open-source e-commerce platforms like Magento allow you to have a
unique e-commerce site up and running in days. Couple that with a
targeted Google AdWords campaign to drive traffic, and you’re now
learning with real transactions and real customers. Another technique
to lower costs is to find a partner company to cosponsor the product
and share the developmental risks and costs.
I oversaw marketing strategy and innovation within the automotive
interiors group at Johnson Controls, we wanted to move faster and test
our ideas more quickly, but we were faced with the “clock speed”
problem: the development cycle of vehicles is very slow.
answer was to try to decouple the development of new features from the
development of the vehicle. With a standard interface system, we felt
we would be able to speed up the development of new consumer content.
result was an overhead rail system for connecting consumer devices such
as DVD players, iPod holders, and hands-free phone systems. We saw
ourselves as “real estate” developers, facilitating opportunities for
seamless customization inside the car.
develop a lot of content in a short amount of time, we licensed the
overhead real estate to consumer brand companies such as Black &
Decker, Swiss Army, and Leatherman—companies with faster product
development cycles—and provided them with the opportunity to reach
their customers in a new environment. The system was a success, and at
one point was being built into 1 million new vehicles each year.
company was formed out of Johnson Controls to take this concept further
and develop additional new modules, and market them on the Internet,
direct to consumers.
Taking It to the Kitchen
yes, this applies to the appliance industry. One day, I received a call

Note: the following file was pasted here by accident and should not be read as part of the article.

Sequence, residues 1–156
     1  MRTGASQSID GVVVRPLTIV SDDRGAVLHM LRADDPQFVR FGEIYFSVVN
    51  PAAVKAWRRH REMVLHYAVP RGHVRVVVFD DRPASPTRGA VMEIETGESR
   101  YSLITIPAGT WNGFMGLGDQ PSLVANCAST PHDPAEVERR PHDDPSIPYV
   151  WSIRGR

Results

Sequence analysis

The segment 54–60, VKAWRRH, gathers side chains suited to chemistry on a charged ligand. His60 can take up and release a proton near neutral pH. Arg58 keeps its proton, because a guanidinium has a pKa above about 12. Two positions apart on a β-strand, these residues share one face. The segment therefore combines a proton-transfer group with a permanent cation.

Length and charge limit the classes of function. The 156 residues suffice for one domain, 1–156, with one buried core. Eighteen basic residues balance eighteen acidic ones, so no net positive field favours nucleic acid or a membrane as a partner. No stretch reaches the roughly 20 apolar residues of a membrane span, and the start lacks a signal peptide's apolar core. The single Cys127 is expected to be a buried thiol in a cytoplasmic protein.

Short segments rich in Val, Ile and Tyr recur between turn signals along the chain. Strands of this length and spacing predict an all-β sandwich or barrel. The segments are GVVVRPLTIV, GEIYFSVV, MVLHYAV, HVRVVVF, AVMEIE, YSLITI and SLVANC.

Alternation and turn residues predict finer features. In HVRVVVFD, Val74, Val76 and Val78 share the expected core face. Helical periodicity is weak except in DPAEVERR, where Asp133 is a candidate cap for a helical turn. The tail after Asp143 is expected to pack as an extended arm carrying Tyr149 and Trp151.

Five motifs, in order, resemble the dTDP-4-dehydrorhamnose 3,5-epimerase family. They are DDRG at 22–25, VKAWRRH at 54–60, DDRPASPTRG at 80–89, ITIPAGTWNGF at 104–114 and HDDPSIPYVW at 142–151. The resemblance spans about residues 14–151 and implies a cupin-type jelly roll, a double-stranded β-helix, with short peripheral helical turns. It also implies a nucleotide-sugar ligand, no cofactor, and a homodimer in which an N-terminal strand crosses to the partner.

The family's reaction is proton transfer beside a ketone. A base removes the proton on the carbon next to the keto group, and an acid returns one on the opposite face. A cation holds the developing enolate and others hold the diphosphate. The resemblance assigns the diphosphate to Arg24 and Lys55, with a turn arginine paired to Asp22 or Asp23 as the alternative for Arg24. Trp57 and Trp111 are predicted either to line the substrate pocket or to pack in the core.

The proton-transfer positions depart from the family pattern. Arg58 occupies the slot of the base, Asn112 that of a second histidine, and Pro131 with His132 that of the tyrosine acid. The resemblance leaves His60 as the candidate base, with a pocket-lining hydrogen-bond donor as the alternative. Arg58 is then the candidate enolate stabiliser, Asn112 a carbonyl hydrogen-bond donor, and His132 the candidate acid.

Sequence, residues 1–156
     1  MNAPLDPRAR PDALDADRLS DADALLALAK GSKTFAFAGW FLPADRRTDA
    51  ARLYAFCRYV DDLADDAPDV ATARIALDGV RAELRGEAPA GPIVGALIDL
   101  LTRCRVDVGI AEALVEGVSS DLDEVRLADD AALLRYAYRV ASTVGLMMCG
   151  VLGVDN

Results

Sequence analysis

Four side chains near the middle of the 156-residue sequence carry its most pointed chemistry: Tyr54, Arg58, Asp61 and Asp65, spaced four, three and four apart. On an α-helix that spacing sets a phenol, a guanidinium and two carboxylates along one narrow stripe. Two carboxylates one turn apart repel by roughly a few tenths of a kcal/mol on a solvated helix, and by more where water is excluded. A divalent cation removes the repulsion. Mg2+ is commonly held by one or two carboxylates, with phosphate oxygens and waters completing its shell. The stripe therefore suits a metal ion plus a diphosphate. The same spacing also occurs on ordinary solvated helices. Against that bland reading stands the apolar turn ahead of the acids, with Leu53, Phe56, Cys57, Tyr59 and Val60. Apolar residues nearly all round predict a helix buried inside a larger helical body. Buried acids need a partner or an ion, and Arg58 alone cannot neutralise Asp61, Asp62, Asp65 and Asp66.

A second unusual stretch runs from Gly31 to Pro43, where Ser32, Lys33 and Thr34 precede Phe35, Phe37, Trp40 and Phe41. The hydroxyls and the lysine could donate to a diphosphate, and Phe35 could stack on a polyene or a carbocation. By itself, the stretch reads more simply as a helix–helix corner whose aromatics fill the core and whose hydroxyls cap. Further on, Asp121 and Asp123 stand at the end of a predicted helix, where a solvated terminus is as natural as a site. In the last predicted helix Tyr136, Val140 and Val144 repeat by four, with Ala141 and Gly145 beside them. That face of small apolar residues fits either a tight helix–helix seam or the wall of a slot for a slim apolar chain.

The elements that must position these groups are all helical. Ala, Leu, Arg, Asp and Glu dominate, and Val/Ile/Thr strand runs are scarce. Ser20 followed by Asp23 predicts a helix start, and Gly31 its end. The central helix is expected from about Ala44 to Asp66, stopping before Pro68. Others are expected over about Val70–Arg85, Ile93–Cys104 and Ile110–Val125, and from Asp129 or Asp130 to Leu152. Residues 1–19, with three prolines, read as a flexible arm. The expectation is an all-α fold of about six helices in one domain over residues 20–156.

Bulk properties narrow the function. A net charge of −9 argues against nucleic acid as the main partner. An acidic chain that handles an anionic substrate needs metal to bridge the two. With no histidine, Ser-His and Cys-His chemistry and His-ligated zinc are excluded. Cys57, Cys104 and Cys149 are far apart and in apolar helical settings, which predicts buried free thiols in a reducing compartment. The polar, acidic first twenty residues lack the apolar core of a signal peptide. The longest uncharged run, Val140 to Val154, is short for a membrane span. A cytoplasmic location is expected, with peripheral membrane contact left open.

from the director of advanced concepts and technology at Whirlpool. He
was intrigued with the rail-system concept, and wanted something
similar to develop the vast real estate on the refrigerator door.
ran a quick consumer survey that asked, “What’s the number one thing
that you want in your kitchen?” Some of us were surprised when the
answer came back as “more counter space,” but we shouldn’t have been.
We looked at what consumers had on their existing counters and saw not
only toasters, coffee makers, and dish racks, but also FM radios,
charging stations, iPod docking systems, CD players, satellite radio
systems, home computers, and TVs: All the artifacts of the modern
The refrigerator real
estate idea evolved into a system to mount and dock iPods, digital
picture frames, and even flat-screen TVs on refrigerator doors. We used
the same licensing concept, partnering with consumer brand companies to
develop the modules and share the risk. The system, coined “Central
Park,” debuted on a line of Whirlpool refrigerators in 2007, and became
one of the biggest media events in Whirlpool history.
America’s back is against the wall in the current economy, and many of
the nation’s biggest companies are struggling to adapt their business
models and are cutting back on innovation. But it’s also a great time
to create new businesses and product lines that anticipate a new order
of things in the next economy. Much will have been destroyed in the
process, but as the great economist Joseph Schumpeter taught us, this
process of “creative destructionism” is precisely what makes America
unique, creating the new from the remnants of the old.
Now more than ever, it’s time to innovate…or die by not trying.